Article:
From the 10th anniversary show
This makes me a lousy so-called devotee, but until I read this superb reminiscence at Chunklet, I forgot that today marks the 20th anniversary of the first-ever Fugazi performance.
In no way does my personal claim on the band come close to that of so many other people, but the sappy truth is that their music changed my life. I had always treated music in a very left-brained, mathematical fashion - more as a craft than an art. It wasn't until I sat slack-jawed, rewinding and rewatching footage of this performance of "Glue Man", that I realized the ferocity, the feral thrust of music was its true intangible magnetism.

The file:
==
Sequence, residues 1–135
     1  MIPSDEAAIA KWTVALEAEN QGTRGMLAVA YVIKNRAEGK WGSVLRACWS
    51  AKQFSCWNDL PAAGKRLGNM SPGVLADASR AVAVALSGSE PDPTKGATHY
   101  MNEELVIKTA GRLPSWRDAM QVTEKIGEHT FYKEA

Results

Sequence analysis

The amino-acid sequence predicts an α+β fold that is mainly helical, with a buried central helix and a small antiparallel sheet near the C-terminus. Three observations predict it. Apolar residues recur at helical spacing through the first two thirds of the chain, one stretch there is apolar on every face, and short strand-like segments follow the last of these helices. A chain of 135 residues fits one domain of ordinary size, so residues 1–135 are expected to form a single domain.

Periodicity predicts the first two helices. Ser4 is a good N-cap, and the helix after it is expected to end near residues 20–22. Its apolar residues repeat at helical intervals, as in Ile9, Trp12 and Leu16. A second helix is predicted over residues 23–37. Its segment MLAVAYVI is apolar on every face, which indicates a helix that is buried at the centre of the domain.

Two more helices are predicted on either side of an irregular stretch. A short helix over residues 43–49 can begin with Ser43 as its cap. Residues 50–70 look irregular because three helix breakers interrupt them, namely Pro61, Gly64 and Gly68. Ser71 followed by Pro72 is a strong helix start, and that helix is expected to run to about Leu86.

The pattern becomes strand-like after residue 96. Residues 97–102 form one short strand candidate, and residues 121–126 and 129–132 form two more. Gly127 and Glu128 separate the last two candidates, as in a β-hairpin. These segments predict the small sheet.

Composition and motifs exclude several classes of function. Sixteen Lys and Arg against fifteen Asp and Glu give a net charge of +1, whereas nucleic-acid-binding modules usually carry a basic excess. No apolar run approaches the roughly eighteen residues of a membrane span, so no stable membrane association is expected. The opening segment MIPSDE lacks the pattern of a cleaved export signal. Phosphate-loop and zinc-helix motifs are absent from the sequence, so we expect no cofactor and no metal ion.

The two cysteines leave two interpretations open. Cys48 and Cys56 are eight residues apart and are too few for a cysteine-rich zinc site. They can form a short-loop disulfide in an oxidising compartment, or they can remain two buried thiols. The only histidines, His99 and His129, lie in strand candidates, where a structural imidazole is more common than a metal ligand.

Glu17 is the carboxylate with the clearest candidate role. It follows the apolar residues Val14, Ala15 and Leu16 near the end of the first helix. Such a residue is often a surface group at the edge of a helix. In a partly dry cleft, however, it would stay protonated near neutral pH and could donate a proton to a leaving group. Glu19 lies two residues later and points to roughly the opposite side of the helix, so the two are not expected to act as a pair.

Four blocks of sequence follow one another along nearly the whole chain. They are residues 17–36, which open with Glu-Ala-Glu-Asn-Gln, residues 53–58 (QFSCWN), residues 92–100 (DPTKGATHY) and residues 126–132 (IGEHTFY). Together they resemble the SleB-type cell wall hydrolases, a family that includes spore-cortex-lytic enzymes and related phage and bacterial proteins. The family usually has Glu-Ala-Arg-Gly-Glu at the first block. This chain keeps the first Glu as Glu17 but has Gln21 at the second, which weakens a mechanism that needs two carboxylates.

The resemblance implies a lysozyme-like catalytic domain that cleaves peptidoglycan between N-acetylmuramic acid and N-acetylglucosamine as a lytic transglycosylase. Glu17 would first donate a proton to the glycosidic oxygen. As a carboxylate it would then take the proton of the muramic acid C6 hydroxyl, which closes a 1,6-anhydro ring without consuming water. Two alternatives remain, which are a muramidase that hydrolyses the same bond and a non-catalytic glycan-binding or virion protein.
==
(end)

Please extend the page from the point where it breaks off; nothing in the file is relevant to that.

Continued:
Though I've often cursed my late arrival on this planet for having kept me from seeing so many musicians I love, I almost feel spared a greater pain for barely having gotten to see Fugazi. The little of them I saw live put teeth in the oft-repeated claim that the records can't touch the Real thing. Had I gotten to see them dozens of times, being limited to the albums as a sensory experience would be like being surrounded by only shitty photos of a loved one for the rest of my days.
No one's really willing to accept that it's over; I know I can't. I had to remind my wife just the other day that the last time we saw them (at Fort Reno, natch) was, in fact, their last American concert ever. This damn near put her into hysterics. And it's a shame that one last wish will (probably) never be granted.
But we're all better off for them having been here in the first place. Brendan, Joe, Ian, Guy - thank you.